Tuesday, 12 June 2018


Myopia is short sightedness, hyperopia is long sightedness and diplopia is double vision, so what is polyopia? Polyopia is seeing more than one image, typically more than two (otherwise would just be classified as diplopia). It can be ocular, ie caused by a problem in the eyes so problem can be partially resolved by closing one eye or cerebral, caused by problem in brain.

I saw a lovely lady, aged 44, earlier in the week who had cerebral polyopia after having a stroke 14 years ago. If you looked at her eyes there was nothing wrong with them, normal discs, healthy maculae, clear media, everything was as it should be. Retinsocopy showed a minimal prescription of +0.25/-0.50x180 RE and +0.50/-0.50x180 LE so nothing significant there either. However the patient's vision and VA were 6/120 right, left and binocular and that was at a push. The problem was as the patient described it "I can see 24 images, 12 from right eye, 12 from left eye and they are all moving". So the problem wasn't that the eyes couldn't see, it was that the patient was seeing multiple moving copies of the image and wasn't sure which one was real. So the real test wasn't what could I do to improve the patient's sight, it was what I could do to reduce all the dancing images.

As the vision was poor, conventional methods of binocular vision assessment such as Maddox rod, Mallett fixation disparity won't work so it was purely subjective as to what felt best for the patient. As the issue was cerebral it wasn't as simple as just trying prism in one eye and then splitting for cosmesis, I needed to do each eye separately, and with no guide it was just purely a case of putting prism in different directions and finding out if patient found it was better or worse. In the end we found that 9 prism dioptre base in RE and 4 prism dioptre base in LE seemed to pretty much stop the movement in both eyes, which patient was amazed by and really pleased with.

Next up was reading, with any low vision patient this is always a compromise between clarity and comfort for working distance. Starting with +4.00 add we found this wasn't enough magnification for what the patient wanted so we starting increasing it. At the end we found a +12.00 add worked best for the patient which then meant we needed to increase the prism to help with the eyes converge.

The final problem is frame selection and getting some lenses to look good, but in my store that's for the dispensing team so I took my leave and left patient with our dispensing optician.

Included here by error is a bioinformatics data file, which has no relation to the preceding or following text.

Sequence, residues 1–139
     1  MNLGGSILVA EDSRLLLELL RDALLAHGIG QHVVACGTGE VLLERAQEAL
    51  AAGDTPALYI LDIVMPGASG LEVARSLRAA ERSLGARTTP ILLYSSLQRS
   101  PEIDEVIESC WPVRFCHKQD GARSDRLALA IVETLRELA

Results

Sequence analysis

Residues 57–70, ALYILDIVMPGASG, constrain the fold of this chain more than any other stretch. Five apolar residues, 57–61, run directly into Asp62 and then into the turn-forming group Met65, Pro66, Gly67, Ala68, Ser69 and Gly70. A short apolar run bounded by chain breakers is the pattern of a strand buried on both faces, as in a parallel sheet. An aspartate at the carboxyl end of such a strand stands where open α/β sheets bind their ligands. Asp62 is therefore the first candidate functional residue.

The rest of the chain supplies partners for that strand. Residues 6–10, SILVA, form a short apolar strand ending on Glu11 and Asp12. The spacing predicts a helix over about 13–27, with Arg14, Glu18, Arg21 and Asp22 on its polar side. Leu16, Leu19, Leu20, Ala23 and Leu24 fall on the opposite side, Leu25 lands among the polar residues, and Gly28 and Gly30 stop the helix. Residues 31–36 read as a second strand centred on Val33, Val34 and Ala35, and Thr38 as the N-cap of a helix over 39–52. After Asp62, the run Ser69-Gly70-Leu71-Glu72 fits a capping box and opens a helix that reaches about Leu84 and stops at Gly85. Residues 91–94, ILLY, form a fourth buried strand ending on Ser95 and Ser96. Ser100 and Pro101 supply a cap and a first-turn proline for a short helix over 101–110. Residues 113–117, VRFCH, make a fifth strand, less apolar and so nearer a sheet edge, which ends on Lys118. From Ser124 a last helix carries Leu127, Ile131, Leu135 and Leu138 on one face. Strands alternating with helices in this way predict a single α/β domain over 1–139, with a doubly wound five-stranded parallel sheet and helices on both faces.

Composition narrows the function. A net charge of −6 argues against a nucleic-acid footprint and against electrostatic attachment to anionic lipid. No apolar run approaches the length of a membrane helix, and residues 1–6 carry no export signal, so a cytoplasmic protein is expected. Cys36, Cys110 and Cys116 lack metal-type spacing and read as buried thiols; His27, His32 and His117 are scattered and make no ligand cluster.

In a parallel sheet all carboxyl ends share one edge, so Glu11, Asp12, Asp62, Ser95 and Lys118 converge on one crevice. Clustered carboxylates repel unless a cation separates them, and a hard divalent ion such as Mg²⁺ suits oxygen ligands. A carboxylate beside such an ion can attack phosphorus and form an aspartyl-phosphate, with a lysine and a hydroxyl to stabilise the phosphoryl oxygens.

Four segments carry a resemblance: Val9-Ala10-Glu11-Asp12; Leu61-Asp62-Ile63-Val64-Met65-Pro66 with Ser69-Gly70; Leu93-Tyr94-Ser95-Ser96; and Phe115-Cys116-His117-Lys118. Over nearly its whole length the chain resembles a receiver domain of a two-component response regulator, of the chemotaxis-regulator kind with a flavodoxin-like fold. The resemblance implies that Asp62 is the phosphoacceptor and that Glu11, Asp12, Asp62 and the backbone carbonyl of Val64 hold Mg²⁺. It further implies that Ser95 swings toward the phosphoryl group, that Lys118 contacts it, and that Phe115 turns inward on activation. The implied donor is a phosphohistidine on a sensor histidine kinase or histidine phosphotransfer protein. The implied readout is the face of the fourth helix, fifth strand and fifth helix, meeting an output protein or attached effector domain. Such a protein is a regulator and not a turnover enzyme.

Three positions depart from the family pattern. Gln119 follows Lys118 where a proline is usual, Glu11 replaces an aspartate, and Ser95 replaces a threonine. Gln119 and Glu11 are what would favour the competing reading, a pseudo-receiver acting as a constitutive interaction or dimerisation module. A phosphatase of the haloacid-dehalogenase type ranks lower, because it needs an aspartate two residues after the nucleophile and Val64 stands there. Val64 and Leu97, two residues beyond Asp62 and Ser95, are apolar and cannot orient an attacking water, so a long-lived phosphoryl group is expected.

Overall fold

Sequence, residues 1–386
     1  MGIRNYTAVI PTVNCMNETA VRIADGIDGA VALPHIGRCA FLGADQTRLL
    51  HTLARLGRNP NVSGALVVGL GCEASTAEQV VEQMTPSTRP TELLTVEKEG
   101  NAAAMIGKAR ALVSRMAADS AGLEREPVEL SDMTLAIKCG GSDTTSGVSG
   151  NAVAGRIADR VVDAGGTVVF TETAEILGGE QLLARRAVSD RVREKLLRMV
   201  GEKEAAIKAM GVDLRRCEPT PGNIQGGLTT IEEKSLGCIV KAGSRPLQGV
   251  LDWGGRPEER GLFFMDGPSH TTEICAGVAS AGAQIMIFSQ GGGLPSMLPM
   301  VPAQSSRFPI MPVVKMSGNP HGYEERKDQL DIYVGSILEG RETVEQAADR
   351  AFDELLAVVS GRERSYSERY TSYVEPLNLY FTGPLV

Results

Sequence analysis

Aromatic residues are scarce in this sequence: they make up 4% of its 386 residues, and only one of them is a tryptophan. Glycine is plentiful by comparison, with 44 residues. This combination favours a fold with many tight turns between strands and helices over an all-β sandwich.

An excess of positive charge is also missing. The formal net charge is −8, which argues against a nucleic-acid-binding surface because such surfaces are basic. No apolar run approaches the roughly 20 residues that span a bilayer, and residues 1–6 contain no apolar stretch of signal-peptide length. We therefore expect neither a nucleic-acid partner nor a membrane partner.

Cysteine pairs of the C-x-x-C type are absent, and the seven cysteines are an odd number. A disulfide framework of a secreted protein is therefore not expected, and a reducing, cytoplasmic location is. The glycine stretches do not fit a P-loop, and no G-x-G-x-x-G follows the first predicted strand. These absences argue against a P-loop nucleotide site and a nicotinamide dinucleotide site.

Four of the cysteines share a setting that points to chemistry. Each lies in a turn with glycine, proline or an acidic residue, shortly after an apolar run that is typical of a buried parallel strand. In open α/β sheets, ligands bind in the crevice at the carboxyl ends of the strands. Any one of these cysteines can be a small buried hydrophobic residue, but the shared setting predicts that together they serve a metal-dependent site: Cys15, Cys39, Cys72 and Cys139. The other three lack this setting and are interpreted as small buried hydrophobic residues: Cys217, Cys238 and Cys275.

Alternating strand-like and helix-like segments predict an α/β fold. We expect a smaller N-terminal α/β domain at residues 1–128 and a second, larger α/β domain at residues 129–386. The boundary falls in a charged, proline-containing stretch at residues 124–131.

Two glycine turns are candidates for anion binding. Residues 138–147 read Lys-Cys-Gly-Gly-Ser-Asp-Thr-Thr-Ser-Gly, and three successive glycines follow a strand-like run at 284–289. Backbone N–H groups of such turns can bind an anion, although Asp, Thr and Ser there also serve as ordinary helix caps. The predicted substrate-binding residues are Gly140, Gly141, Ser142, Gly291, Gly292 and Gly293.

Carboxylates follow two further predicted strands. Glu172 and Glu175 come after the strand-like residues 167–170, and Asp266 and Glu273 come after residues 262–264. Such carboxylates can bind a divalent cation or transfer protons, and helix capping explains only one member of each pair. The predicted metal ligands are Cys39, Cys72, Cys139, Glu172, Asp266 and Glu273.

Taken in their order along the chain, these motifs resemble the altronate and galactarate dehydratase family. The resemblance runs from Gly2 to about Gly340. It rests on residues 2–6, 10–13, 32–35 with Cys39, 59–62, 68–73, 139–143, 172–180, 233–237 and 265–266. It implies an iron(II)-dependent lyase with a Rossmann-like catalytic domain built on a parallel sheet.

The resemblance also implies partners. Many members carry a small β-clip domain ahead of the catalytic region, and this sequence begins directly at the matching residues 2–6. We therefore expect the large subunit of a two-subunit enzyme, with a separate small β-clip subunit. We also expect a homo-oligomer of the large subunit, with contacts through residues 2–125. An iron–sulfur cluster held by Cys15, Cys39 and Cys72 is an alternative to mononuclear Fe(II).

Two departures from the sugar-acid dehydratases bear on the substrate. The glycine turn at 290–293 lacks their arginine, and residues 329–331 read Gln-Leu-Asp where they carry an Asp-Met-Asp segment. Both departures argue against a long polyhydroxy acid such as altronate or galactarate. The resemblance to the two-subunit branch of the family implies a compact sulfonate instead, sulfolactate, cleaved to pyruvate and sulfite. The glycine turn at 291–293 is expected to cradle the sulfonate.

Thursday, 31 May 2018

Lightning strikes twice

About a year ago I saw a 59 year old gentleman for a routine sight test, in fact it was his first proper sight test. Unsurprisingly he needed a pair of glasses to help with close work, whilst his distance was pretty good - just a little bit of astigmatism in one eye. What was more remarkable was a longstanding retinal detachment in his right eye inferiorly, it had sealed pigmented edges and was out in periphery so wasn't affecting his vision or likely to but in need of a referral. So after checking what I was seeing was what I thought I was seeing with a colleague I called the on-call ophthalmologist at the local hospital eye casualty and arranged an appointment to check it in a few days.

Fast forward a year and the gentleman comes back in noticing a line like floater in his vision in the right eye, no shadow or cobweb over vision and no flashes. The referral from last test had resulted in a check and a lot of cancelled follow-ups but no treatment. Having a check undilated I noted a Weiss ring showing a posterior vitreous detachment but also a faint silver line temporally so dilation was definitely indicated (I'd have dilated even without this just to check periphery). After a brief wait (and seeing another patient in mean time) I called patient back in to have a look. Most of the periphery was flat and normal, previous scar present and unchanged and then the silver line was a horseshoe shaped tear in temporal peripheral retina. So it was onto the phone to chat with the on-call ophthalmologist and explain the situation before writing a letter and sending the patient on their way to the hospital, after answering the obligatory "is this serious?" question. Answer - where it is currently no, but if it spreads and your macula comes off then yes, very.

So my total for retinal tears/detachments moves onto 2 in  almost 3 years of practice so I'm slightly ahead of the average 1 every 16 months, although not sure if 2 in the same eye of the same patient should count as 1 or 2. Either way proof that lightning can unfortunately strike twice.

(For reference having a retinal detachment in the eye does make you more likely to have another one in same eye and the other eye).

Wednesday, 9 May 2018

Vision overseas